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Promoting away!

These past several months I’ve been doing what I could to promote, sell and sign copies of Buying Time. Today’s economy mixed with ever changing technology creating fewer actual readers makes selling words printed on paper harder than ever. The fun thing about my efforts is the variety of venues I’ve tried.

I’ve already mentioned Imagicopter on this page and if you’ve read that blog, you know how hyped I am about it. I won’t repeat that blog except to say that Imagicopter is a loose conglomeration of independent authors, cartoonists and artists who join together for mutual promotional efforts. In general, Imagicopter events are at libraries and indy-minded bookstores (like DK Books in Memphis). Some events have been at comic and sci-fi conventions. Imagicopter has helped me to go places I probably wouldn’t have been able to get to do alone.

I’ve also done some local craft shows and community festivals. Those may be among some of my most interesting experiences as the people who attend these events run the full scale of characters. Truthfully, it was one such event which inspired this blog. In general, most of the people who attend this type of show didn’t come to see a writer or buy a book. Many of them are just out killing a Saturday afternoon (or morning). What’s funny, though, are the responses I get when I try to speak with them as they meander past my table. This is certainly not a scientific study, so don’t hold me to these numbers. But roughly half of the people walk by my table or booth without even stopping. Most of them with nod at me, say hello, or smile as they continue their trek. A few refuse to make eye contact. Of the ones who stop, a little more than half of them ask me what I’m doing. I accept that as an honest inquiry and tell them about my book. Of the ones who don’t speak (yes, I generally try to speak first!), some of them pick the book up and read the back cover copy. Some of them tap the book as they walk by. Most of them make some kind of comment about the title. Because of the book’s title, I get many many comments about “killing time” and the like. A few find out what I’m doing and then want to tell me about their own great idea for a book.

Some of my favorite comments are:

*I’ll have to tell my friend about this book. She likes to read.

*I had an idea like this once. I just never wrote it down.

*You should get this book into Books-A-Million (or Amazon, or Barnes & Noble, etc).

*Do you believe in time travel?

*I traveled back in time once. Do you believe that?

*My son (or daughter or cousin or etc) is a great writer. I bet if they did this book they’d make millions. (my follow up is usually something like: “Really? That’s great. What have they written?” “Oh, nothing. But they’re a great writer.”)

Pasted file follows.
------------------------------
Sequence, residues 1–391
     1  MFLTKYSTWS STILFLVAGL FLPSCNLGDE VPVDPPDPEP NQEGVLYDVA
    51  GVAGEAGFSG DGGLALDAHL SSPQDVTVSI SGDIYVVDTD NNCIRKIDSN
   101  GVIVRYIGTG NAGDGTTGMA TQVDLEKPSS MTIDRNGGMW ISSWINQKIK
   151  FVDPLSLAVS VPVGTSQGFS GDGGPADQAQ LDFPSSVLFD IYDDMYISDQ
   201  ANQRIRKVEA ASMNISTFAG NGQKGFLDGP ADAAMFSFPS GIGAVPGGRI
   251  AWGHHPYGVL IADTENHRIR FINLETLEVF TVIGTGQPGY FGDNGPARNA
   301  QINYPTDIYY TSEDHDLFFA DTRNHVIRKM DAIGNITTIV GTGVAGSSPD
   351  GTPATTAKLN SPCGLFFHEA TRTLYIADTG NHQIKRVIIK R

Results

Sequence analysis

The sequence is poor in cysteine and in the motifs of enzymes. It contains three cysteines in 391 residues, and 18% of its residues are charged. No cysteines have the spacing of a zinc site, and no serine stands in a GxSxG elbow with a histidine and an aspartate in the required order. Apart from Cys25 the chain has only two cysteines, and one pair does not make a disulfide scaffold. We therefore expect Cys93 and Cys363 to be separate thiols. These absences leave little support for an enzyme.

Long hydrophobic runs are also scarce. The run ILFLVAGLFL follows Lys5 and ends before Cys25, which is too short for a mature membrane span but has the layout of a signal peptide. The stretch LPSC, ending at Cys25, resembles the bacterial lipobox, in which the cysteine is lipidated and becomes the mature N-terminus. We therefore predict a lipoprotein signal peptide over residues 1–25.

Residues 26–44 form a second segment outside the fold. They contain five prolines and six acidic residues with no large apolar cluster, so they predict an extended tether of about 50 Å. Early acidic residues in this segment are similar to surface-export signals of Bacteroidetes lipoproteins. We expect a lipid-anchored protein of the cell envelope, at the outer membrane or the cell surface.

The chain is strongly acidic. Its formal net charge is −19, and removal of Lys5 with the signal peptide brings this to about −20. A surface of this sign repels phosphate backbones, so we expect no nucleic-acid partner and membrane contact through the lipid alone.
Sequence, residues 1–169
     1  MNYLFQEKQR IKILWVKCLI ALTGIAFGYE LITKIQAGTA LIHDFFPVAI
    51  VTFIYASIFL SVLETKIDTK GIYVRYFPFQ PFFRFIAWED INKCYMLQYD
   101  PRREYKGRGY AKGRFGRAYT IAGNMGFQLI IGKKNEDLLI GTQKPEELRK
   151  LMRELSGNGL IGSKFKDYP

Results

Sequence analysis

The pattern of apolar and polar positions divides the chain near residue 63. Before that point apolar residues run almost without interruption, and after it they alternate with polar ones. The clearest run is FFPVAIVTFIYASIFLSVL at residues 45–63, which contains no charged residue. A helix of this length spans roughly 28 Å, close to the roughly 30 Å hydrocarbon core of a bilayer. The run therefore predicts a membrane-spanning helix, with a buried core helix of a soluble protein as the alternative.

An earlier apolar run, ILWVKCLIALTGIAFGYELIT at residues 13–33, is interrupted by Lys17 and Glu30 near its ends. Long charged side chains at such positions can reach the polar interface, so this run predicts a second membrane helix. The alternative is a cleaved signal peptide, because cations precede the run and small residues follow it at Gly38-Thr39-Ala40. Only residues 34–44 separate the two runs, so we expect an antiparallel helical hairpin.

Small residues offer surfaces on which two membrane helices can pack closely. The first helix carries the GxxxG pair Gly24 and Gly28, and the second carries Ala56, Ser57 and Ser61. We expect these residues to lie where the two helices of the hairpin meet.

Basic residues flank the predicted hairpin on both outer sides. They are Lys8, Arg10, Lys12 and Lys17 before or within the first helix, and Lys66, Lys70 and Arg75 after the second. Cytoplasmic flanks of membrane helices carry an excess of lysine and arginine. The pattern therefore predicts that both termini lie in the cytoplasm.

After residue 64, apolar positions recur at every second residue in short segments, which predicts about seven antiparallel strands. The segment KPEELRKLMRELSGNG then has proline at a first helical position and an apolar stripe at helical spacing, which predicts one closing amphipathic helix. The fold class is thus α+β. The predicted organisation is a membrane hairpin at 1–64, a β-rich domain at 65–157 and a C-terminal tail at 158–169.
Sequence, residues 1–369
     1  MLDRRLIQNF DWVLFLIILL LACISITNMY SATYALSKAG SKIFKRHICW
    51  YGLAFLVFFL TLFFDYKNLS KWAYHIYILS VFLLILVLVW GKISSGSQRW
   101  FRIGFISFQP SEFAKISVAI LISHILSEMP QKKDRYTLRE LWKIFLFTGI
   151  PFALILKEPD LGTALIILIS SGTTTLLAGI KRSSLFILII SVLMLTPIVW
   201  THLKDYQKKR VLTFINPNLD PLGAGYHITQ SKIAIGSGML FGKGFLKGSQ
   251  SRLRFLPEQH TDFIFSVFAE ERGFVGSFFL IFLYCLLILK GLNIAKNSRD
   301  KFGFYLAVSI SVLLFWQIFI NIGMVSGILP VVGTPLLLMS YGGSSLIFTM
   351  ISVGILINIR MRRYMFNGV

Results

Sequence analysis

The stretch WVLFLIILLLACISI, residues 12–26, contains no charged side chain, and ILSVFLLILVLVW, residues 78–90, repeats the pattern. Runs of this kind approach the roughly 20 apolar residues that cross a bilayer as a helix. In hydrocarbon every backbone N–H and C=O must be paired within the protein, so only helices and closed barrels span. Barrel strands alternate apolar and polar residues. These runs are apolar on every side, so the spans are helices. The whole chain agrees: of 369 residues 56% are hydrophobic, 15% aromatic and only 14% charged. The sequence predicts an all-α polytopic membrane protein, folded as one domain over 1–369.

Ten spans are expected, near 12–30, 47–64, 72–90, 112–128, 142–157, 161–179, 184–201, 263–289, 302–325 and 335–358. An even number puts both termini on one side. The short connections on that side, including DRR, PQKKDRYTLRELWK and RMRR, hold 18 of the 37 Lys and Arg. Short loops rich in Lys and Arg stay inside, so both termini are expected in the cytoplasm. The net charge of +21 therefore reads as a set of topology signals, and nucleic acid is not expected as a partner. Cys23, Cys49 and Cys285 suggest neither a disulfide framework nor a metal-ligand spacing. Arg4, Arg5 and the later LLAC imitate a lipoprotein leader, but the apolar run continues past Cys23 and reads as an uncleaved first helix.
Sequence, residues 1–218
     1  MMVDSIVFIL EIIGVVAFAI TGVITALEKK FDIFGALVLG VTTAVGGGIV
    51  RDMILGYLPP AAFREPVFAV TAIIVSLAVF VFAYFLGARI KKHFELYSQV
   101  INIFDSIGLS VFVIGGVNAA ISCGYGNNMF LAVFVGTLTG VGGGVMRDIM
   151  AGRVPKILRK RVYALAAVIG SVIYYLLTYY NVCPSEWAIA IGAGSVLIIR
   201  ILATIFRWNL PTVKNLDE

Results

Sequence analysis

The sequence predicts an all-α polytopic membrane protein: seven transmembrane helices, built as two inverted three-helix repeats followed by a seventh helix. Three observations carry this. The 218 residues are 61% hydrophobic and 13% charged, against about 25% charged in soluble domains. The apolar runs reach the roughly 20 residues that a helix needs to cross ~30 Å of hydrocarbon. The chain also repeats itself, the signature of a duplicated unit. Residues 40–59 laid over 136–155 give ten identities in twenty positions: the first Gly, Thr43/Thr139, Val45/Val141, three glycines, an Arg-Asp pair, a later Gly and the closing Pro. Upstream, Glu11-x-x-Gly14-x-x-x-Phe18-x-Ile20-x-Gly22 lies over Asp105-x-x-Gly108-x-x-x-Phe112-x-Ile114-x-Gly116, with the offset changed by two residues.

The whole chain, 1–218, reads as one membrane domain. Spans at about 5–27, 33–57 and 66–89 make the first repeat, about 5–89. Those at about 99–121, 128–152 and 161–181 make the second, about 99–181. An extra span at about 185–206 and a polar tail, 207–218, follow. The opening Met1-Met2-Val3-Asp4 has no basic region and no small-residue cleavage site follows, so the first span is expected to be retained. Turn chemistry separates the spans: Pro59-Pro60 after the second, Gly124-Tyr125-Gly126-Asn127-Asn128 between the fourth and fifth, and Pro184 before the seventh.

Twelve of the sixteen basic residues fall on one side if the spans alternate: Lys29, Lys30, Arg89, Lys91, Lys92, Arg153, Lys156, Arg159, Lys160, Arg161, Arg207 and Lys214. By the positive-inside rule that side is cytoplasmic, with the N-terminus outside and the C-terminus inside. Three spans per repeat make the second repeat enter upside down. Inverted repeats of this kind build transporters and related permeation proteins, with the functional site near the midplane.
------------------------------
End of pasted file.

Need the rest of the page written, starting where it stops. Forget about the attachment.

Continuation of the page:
*I’ve got an idea for a book…you want to hear it?

And, probably my favorite…

*If I have any money left at the end of the day, I’ll have to buy one.

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Imagicopter

One of the hardest things for a writer to do has nothing at all to do with writing. Actually, ask most writers and they’ll tell you writing is the easy part. It’s all the stuff that comes after that’s so hard! Even the most successful writers today who are blessed with hard-working marketing departments didn’t always have it that way. Many of them remember the day of doing all their own marketing.

At one of the sessions at this past Arkansas Writers Conference, I talked about the art of shameless self-promotion. The funny thing is that most writers aren’t the naturally super-social kind of folks. Most writers would prefer being stuck in a room full of books…alone. Just toss in some food every now and again. But in order to successfully promote, they gotta get past that and walk outside and see people…and the sun.

Writers have to aggressively do everything in their power to promote and sell their work. I could go on about that, but this blog isn’t about that. Maybe some other date, but in a nutshell writers have to do what they can to target newspapers, radio, television and the internet.

I’ve recently become associated with a loose conglomeration of writers (and a few artists) who have banded together in an effort to pool resources when it comes to marketing, especially for those in the small press. Imagicopter is the name of the group and is the brainchild of author H. David Blalock. Basically what happens is that authors join the group, supply bio material for the website (check out my page), and then participate in special “events.” The cool thing is that it can often be difficult for a single small press writer to have a signing as bookstores are often reluctant to put a lot of time and energy into a session for a single unknown or little-known writer. However, if they can promote 4-15 (depending on space available for them) authors at the same time, then that becomes an author “event” and they’re more likely to put time, energy and effort into it.

One of the neat things is the wide variety of authors there. One of my fellow BCW pals also participates in Imagicopter.

Over the course of the last near-year, I’ve participated in events in which Imagicopter was also there (that’s how I met them, after all) and I’ve participated in events with Imagicopter. I’m completely sold on this idea and wonder why this wasn’t done much before now. If you’re a writer in the southern area and your name isn’t John Grisham, I highly recommend you check out Imagicopter’s site and see what it’s all about.

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